Create CAD Standards (SolidWorks environment)

Creating a drafting standards within a SolidWorks environment is an important task.  The task may seem daunting to those of us who haven’t done this before, particularly if our company has no pre-existing documentation methods.  These can be new companies, or companies moving from a lack of control into standardization.

Fortunately, there is a lot of help available.  Actual drafting standards already exist.  Also, many of us have been through this before (sometimes multiple times).  ASME provides American National Standards for many of the areas that need to be covered.  ISO provides international standards for these too, however I will focus on the use of ASME since this is what I used myself.  On the other-hand, creating SolidWorks specific standards requires a little more reseach and upfront work.

Here are my very general suggestions for documents and tasks to create a company’s standard.

  1. SolidWorks Templates (basic overview)
    1. Create a basic solid model template.  The setup within this template will become the backbone of everything within SolidWorks. This will be the most used document.  Establish custom properties that detail the part.  (Use of existing properties can be leveraged to simplify this task.)  Creation of this first template does not preclude the creation of other solid model templates. Instead, it will be used to create any others. For details about templates, goto SolidWorks Help and search titles only for the words “document templates”.
    2. Create a solid model assembly template.  Many of the general settings of this template should be duplicates of the settings of the solid model template.  Some planning is required.  Determine the best method of assembly structure for your company.  Several practices exist as guides, such as Top-Down, Horizontal Modeling, Bottom-Up, and Configurations.  It is important to note that there is not one-size-fits-all method for all companies.  Research each and make the determination based on company needs.  Setup the assembly template to support the chosen method.  However, do not become overly reliant on any particular methodology since situations may require flexibility.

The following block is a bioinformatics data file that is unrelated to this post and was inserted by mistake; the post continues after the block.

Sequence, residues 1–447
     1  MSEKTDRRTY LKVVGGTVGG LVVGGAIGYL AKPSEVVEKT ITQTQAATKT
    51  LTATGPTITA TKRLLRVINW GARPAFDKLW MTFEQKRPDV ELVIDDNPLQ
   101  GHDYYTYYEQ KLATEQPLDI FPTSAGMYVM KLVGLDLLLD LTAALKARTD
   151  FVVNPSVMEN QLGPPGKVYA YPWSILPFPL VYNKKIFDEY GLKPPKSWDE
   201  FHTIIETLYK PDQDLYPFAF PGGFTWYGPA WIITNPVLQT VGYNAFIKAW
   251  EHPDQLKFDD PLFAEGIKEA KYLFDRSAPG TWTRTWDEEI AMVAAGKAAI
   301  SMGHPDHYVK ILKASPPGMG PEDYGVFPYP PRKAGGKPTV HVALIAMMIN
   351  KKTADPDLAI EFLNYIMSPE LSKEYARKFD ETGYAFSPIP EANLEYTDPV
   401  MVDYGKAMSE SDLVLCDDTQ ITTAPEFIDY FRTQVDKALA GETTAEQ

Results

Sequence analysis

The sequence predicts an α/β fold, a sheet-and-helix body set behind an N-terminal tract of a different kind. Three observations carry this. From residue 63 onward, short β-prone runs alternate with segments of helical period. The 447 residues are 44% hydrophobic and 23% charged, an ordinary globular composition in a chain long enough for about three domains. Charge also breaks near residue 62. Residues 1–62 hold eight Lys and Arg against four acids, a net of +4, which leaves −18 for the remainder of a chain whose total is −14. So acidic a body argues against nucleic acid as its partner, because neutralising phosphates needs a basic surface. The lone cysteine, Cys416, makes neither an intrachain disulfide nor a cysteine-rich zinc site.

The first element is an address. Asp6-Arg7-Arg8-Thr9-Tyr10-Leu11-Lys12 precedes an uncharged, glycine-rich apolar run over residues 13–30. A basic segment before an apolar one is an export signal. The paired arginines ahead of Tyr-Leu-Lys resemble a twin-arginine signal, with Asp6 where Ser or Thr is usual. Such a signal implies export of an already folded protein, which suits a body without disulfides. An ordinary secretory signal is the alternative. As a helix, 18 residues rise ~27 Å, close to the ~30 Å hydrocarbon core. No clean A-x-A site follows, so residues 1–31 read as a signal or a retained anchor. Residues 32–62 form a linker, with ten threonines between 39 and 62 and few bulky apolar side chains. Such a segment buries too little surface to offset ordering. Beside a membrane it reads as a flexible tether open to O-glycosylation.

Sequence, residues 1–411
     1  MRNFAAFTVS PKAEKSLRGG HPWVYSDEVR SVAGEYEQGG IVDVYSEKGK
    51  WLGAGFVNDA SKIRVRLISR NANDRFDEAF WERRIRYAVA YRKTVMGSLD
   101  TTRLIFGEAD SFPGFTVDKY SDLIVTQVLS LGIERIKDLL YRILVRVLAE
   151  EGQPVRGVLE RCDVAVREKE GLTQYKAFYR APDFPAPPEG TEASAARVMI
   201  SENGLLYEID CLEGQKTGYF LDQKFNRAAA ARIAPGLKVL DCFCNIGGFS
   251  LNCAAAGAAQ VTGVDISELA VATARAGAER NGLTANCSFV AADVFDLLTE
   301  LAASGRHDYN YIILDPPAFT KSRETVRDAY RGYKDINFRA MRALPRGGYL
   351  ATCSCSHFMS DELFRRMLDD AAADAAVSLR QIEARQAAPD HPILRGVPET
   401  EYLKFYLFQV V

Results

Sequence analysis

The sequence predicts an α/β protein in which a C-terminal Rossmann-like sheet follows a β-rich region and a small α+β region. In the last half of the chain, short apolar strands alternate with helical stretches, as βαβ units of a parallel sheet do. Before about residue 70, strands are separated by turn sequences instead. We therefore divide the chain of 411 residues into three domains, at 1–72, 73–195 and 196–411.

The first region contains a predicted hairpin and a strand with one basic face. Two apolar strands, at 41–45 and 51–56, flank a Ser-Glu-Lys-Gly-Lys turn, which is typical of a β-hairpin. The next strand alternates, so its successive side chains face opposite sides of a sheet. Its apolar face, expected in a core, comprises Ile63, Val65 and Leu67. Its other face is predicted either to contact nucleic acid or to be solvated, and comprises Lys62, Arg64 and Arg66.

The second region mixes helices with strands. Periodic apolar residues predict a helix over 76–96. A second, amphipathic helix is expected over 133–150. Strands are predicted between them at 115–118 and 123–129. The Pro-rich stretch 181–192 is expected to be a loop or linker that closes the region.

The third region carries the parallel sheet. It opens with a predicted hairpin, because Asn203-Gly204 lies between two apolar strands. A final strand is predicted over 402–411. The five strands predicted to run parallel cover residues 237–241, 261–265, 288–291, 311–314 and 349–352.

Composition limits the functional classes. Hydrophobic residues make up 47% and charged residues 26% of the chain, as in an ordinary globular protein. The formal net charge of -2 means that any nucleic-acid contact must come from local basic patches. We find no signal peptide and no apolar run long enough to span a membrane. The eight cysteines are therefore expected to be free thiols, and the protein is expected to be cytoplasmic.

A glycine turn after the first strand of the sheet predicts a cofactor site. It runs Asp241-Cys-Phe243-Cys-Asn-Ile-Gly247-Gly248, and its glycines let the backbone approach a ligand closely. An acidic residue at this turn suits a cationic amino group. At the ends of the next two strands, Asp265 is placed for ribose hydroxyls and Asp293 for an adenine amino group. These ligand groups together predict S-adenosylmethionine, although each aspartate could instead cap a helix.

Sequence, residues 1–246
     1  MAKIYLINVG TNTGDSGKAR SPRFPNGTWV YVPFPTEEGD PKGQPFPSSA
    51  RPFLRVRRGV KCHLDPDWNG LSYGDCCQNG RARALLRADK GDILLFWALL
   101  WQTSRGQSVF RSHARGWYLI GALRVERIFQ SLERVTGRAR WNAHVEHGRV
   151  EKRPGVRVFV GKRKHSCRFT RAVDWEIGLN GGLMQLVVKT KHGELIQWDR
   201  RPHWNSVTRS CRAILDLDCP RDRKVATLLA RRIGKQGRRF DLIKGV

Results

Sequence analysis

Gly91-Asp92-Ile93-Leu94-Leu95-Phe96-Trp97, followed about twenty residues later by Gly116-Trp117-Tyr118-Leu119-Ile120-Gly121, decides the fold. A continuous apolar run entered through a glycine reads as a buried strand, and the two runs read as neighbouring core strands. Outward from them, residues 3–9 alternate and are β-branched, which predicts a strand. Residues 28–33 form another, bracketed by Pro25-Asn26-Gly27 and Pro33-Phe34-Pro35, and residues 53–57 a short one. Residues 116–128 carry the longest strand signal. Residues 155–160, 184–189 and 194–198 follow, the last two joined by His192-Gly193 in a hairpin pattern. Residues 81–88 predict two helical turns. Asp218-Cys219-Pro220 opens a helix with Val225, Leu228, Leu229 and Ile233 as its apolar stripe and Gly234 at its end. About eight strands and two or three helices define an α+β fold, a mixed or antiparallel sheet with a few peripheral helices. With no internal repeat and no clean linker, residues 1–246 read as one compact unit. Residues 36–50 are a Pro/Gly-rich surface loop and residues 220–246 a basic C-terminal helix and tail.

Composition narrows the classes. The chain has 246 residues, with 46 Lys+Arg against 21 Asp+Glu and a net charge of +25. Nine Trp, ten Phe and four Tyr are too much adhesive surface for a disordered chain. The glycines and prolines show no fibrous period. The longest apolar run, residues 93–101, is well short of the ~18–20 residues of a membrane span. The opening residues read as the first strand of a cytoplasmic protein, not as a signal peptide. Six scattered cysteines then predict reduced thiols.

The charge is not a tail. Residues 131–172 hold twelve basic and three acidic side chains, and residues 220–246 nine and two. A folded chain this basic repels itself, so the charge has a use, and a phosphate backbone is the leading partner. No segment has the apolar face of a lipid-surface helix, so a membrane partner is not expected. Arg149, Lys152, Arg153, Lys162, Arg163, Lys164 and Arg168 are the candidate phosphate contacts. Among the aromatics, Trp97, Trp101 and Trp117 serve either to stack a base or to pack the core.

3. Decide how the drawing templates will interact with solid models. This includes deciding to have any pre-defined views, use of custom and other properties, etc.
    4. Create sheet formats and templates for each drawing size that will be commonly used.  Include annotation notes linked to custom properties, such as part number, material, revision, originator, origination date, surface finish number and/or type, etc.  See SolidWorks Help search for “Link to Property”.
    5. If in a network environment, place the templates and sheet formats within a folder where all SolidWorks users will have access.  Point all SolidWorks installs to this location.  This can be done within pulldown menu Tools>Options>File Location>Document Templates and Sheet Formats.
    6. Create a company standard for shortcuts and macros that speed up SolidWorks operations. Set up a network location for the company macros.
  2. Create the following standard operating procedures.
    1. SolidWorks Performancethat covers computer system requirements, Windows settings, SolidWorks installation, working folders, and standardizing files.
    2. SolidWorks Best Practices and Standards
      • Solid models: discussing preferred methods for creating features.
      • Assemblies: cover methodologies (when to use top-down or bottom-up; and what part should be the primary fixed component) and how to avoid circular mating, etc.
      • Drawings: covering how to use templates/sheet formats, shortcuts, common macros, etc.
    3. Drafting Standards, which can rely on ASME Y14.100 (umbrella engineering drawing standard), ASME Y14.5M (GD&T drafting standard) and possibly ASME Y14.41 (3D model drafting standard).  List exceptions to the ASME standards within the procedure.  If relying on these standards, make sure to have copies of them on hand. This will allow the procedure to be short and to the point.  If not relying on a standard, this procedure can potentially be very long.
    4. Source File and Document Control, which covers how to handle file management (SolidWorks files) and documents.  Be sure to cover processes for control of SolidWorks files in folders and/or the PDM application.  This may be a procedure that is supplemental the company’s general document control processes.
    5. Revision Control, which covers how to revise engineering documents.  This can rely on ASME Y14.35.  If the company uses a ERP or PLM, this procedure may be supplemental to those processes.

For references for further research, check out SolidWorks resource links, such as weblinks that can be found here on Lorono’s SolidWorks Resources.  Also, check out Blog Squad sites such as Matt Writes.